Whoopi Goldberg Clarifies Seeming Double-Down on Controversial Holocaust Stance: 'I'm Still Learning a Lot'
Whoopi Goldberg is revisiting — and reinforcing — her controversial comments on the Holocaust.
The longtime co-host of The View, 67, told The Sunday Times this weekend that she doesn't understand why her January remarks that the Holocaust was not "about race" caused such an uproar, even insisting that Jewish people are also split over whether they're considered a race or a religion.
"My best friend said, 'Not for nothing is there no box on the census for the Jewish race. So that leads me to believe that we're probably not a race,'" she said.
When the Sunday Times reporter countered that Nazis saw Jewish people as a race, Goldberg responded, "Yes, but that's the killer, isn't it? The oppressor is telling you what you are. Why are you believing them? They're Nazis. Why believe what they're saying?"
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When asked about the Holocaust once more, Goldberg stood by her position that "it wasn't originally" about race.
"Remember who they were killing first," she said. "They were not killing racial; they were killing physical. They were killing people they considered to be mentally defective. And then they made this decision."
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Later, the reporter asked whether race can be more than just skin color, leading Goldberg to say in response that "it's not in its official … when you look it up." From there, the journalist then pointed out how Nazis measured Jewish people's facial features to "prove" they were an actual race, which is something the star appeared to disparage.
"They did that to Black people too. But it doesn't change the fact that you could not tell a Jew on a street," Goldberg argued. "You could find me. You couldn't find them. That was the point I was making. But you would have thought that I'd taken a big old stinky dump on the table, butt naked."
The interview noted that they don't suspect Goldberg's views "stem not from antisemitism" but rather "blinkered American incuriosity."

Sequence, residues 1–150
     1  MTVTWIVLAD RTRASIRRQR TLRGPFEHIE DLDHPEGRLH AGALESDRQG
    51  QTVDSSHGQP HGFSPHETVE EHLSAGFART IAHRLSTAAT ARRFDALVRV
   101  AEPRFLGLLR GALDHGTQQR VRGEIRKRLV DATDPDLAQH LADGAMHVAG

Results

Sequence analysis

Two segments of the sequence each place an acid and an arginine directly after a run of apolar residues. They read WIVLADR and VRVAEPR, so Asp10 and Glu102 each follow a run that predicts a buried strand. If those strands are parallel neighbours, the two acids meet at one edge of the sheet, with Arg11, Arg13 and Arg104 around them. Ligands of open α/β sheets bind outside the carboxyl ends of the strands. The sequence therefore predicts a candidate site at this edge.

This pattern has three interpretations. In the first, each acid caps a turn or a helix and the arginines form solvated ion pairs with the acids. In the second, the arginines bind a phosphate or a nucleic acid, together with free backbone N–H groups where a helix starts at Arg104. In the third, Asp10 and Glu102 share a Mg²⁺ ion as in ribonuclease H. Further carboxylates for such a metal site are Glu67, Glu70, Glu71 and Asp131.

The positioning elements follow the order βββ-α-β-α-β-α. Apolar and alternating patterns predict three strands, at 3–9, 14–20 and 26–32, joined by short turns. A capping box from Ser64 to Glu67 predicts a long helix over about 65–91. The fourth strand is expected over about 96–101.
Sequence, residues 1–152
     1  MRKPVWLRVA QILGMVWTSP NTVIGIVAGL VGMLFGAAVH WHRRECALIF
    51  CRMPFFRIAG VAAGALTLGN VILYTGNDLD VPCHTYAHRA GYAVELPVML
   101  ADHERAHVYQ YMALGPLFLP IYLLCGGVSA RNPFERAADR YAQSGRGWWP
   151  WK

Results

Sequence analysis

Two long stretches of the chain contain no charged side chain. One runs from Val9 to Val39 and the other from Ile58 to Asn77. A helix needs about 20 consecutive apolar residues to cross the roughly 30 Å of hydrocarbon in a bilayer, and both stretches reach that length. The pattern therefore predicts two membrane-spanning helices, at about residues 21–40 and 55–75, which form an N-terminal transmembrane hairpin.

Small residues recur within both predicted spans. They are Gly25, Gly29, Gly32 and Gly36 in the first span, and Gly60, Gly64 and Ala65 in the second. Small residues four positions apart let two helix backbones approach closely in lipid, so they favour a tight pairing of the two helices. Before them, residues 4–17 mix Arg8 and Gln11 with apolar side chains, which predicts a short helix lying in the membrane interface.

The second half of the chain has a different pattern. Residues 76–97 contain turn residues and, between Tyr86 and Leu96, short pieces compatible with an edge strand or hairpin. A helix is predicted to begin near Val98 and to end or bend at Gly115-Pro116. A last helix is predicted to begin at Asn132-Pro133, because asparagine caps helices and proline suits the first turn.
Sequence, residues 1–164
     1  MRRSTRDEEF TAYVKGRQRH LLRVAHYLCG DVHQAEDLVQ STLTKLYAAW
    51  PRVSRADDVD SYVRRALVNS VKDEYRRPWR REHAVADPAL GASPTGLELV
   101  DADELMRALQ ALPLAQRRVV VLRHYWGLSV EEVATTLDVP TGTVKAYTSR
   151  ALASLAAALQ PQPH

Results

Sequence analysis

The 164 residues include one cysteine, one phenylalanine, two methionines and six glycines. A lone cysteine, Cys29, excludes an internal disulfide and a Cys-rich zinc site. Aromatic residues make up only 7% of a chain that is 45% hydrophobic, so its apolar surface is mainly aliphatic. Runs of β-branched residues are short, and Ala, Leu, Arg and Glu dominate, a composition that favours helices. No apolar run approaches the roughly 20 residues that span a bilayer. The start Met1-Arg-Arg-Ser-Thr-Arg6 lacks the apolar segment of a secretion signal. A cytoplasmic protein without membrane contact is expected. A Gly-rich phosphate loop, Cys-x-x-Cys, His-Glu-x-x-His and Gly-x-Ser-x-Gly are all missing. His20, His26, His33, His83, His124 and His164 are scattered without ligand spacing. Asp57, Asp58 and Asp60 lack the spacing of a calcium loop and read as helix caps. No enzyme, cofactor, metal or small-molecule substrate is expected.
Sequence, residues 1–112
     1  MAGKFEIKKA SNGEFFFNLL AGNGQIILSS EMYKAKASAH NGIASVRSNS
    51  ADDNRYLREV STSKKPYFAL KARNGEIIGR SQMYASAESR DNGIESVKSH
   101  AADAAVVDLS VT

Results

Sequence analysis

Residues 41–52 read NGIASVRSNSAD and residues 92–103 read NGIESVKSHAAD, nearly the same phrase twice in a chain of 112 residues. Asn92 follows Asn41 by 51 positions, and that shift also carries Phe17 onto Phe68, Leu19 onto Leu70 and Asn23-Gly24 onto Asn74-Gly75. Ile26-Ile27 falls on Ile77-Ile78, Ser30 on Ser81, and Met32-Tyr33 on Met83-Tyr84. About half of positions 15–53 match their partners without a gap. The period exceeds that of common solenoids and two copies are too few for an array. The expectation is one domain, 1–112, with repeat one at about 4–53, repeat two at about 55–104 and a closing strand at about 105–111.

Goldberg addressed the Sunday Times article in a statement to PEOPLE: "Recently while doing press in London, I was asked about my comments from earlier this year. I tried to convey to the reporter what I had said and why, and attempted to recount that time."
The statement continued, "It was never my intention to appear as if I was doubling down on hurtful comments, especially after talking with and hearing people like rabbis and old and new friends weighing in."
Goldberg acknowledged, "I'm still learning a lot and believe me, I heard everything everyone said to me. I believe that the Holocaust was about race, and I am still as sorry now as I was then that I upset, hurt and angered people. My sincere apologies again, especially to everyone who thought this was a fresh rehash of the subject. I promise it was not. In this time of rising antisemitism, I want to be very clear when I say that I always stood with the Jewish people and always will. My support for them has not wavered and never will."
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Though Goldberg apologized for her comments in February, and that apology was accepted by the Anti-Defamation League at the time, CEO Jonathan Greenblatt spoke out on Tuesday to denounce these latest remarks.
"Whoopi Goldberg's comments about the Holocaust and race are deeply offensive and incredibly disappointing, especially given that this is not the first time she had made remarks like this," he said in a statement to The Wrap. "In a moment when antisemitic incidents have surged across the US, she should realize that making such ignorant statements can have real consequences."
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Goldberg controversially declared that "the Holocaust isn't about race" during a January 2022 episode of The View. Though her co-host Joy Behar pointed out how Nazis considered Jewish people "a different race," Goldberg argued that the Holocaust was "about man's inhumanity to man."
As Goldberg stated that "these are two white groups of people," co-host Sara Haines said Nazis "didn't see them as White" and Behar recalled how Black people were targeted too.
"But you're missing the point! You're missing the point," Goldberg continued. "The minute you turn it into race, it goes down this alley. Let's talk about it for what it is. It's how people treat each other. It's a problem. It doesn't matter if you are Black or white because Black, white, Jews, Italians — everybody eats each other."
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After her comments attracted backlash, Goldberg offered a public apology.
"I said something that I feel a responsibility for not leaving unexamined because my words upset so many people, which was never my intention," she said during another boradcast of The View. "And I understand why now, and for that I am deeply, deeply grateful because the information I got was really helpful and it helped me understand some different things."
Goldberg was later suspended for two weeks.